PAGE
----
By Elizabeth Joseph, garden and education coordinator at Heifer Farm
In the spring of 2009, I packed a suitcase, straw hat and pair of rubber boots into the back of my parents’ Oldsmobile, and we drove from the suburbs of Rhode Island to rural Massachusetts. We were headed for a town called Rutland, to a place then called Overlook Farm.
I was 22 years old, a year out of college and signed up to be a live-in volunteer at the organic gardens for one year. Unbeknownst to me, I would stay for the next nine.
As a child, my parents would take my siblings and me on “mystery rides”—short trips to unknown destinations, my favorite of which led to a local farm. The sounds of cows munching and roosters crowing, the smell of silage in the barn, the feel of climbing on hay bales, the search for a pumpkin, the taste of a honey stick, the joy of petting barn kittens: I was enchanted. But I never expected that I would become a farmer myself.
After college, though, I sought to learn the skills of sustainability and self-reliance I felt were lost to my generation. I was drawn to Heifer Farm where agriculture was rooted in social and ecological justice and where the educational focus offered children a space to learn, explore and expand their horizons as I once had.
What I planned as a one-year farmer apprenticeship at the Farm spooled out to nine years, each filled with seasons that turned in every way imaginable—springs of planting and falls of harvest, food cooked and food preserved, animals born and animals that died, staff welcomed aboard and staff who said farewell, school groups and congregations who came every year, and those who came for the first time.
At Heifer Farm, I would learn to never overlook the things in life that really matter, to never take for granted the person working alongside you, the beautiful view, the trusting animal, the power of a seed.
Through those years, I would manage the organic gardens, honeybees and maple sugaring operation. And like everyone at the farm, I would do whatever else was needed to make it run smoothly. We all cleaned bathrooms, washed dishes, stacked hay, dug potatoes, facilitated programs. Heifer’s mission combined with the demands of farming created an ethos that brought everyone together. I would learn to never take a team for granted and to always say thank you for everyone’s work at day’s end.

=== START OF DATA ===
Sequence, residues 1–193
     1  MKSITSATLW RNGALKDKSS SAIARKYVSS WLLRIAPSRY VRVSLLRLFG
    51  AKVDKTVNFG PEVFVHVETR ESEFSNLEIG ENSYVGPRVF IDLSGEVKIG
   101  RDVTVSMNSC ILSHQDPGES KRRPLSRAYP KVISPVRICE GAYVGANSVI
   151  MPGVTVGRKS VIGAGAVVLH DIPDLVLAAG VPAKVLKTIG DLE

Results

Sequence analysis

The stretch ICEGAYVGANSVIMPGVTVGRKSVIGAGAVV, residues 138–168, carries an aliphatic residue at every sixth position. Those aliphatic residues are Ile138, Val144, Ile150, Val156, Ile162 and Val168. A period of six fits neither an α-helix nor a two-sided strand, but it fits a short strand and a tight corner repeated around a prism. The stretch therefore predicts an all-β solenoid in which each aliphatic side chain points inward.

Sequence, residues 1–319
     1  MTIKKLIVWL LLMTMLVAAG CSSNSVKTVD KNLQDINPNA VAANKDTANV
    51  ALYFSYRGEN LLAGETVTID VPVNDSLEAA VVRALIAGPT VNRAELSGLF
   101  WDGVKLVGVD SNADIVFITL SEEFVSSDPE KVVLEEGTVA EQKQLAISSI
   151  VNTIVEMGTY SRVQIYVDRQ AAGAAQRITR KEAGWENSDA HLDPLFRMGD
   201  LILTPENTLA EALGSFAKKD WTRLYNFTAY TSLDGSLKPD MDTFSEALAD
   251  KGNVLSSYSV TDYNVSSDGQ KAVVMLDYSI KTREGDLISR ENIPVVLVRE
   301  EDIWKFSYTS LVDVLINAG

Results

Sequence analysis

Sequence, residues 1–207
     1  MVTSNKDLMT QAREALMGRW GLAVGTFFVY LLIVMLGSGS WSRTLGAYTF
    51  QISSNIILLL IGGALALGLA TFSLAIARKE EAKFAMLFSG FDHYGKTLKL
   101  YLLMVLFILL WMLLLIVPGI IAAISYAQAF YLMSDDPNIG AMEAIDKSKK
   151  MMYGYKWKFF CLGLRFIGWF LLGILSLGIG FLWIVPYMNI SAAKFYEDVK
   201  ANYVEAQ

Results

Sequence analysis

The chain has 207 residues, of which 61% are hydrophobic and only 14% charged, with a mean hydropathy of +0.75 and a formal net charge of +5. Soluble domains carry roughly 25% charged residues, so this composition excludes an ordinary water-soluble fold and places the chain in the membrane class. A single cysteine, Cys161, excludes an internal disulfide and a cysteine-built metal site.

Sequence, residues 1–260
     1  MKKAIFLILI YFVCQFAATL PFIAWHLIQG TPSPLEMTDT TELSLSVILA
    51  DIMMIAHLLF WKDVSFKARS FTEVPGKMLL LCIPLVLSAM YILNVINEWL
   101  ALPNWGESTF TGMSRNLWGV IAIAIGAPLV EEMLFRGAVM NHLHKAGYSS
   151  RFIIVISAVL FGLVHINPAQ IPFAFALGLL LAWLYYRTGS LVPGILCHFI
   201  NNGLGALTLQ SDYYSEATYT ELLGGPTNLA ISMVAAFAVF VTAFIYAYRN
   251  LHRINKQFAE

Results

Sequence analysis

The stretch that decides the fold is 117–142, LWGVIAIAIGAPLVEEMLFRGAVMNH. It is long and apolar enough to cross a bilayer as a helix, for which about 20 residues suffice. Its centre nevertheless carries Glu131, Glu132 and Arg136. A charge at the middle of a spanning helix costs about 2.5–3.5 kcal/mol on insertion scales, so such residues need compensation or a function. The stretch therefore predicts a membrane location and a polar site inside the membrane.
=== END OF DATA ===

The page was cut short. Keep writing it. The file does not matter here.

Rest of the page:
I would teach the young adults who flocked toward the residential volunteer program, raring to change the world lest broken food systems, depleted soil, polluted water and global inequity be their inheritance. And I would watch them become the teachers to the thousands of visitors that came to Heifer Farm each year. I learned volunteers are magic.
Countless seeds were planted in the ground, as well as in the visitors who came for educational programming— seeds that cultivated an enduring wonder and respect for the Earth, its resources and its diverse inhabitants. Seeds that sprouted the introspective work of asking how our own choices—how we live, buy, eat, consume, treat one another—infl uence not only our own backyards but those across borders.
I would learn that poverty is the root cause of hunger, and greed is the root cause of poverty. And that in addition to animals and passing gifts, a pivotal cornerstone of Heifer’s work is how communities come together to talk about and put into action their values—invisible threads of care and consciousness that weave a community together and create real change.
At Heifer Farm, I would learn to never overlook the things in life that really matter, to never take for granted the person working alongside you, the beautiful view, the trusting animal, the power of a seed. I learned gratitude, connection and joy amidst everything that happens in the world to the contrary.
Like so many, I am overwhelmed with gratitude for this rich and meaningful place—from those who founded it to those who supported it to every person who ever pulled a weed, milked a goat, cooked a meal, answered a phone, trained a volunteer, painted a sign or mucked a stall. And for Heifer International, for bringing us all together to do this work.
As we have taught here, a single drop causes a ripple. My hope is that all the ripples begun at Heifer Farm spread far and wide. Thank you for everything, Heifer Farm.